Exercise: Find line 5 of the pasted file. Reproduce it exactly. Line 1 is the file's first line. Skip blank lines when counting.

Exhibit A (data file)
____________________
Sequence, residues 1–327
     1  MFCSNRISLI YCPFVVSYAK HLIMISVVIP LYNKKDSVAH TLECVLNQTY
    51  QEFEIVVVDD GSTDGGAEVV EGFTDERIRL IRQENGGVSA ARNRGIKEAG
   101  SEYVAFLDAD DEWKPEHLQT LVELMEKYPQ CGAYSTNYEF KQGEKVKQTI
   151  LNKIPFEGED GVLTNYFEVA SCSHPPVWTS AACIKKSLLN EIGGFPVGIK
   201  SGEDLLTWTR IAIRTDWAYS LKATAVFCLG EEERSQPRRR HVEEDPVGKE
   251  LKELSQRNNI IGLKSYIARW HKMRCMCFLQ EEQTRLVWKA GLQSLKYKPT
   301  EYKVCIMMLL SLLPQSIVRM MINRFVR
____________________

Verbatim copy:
   151  LNKIPFEGED GVLTNYFEVA SCSHPPVWTS AACIKKSLLN EIGGFPVGIK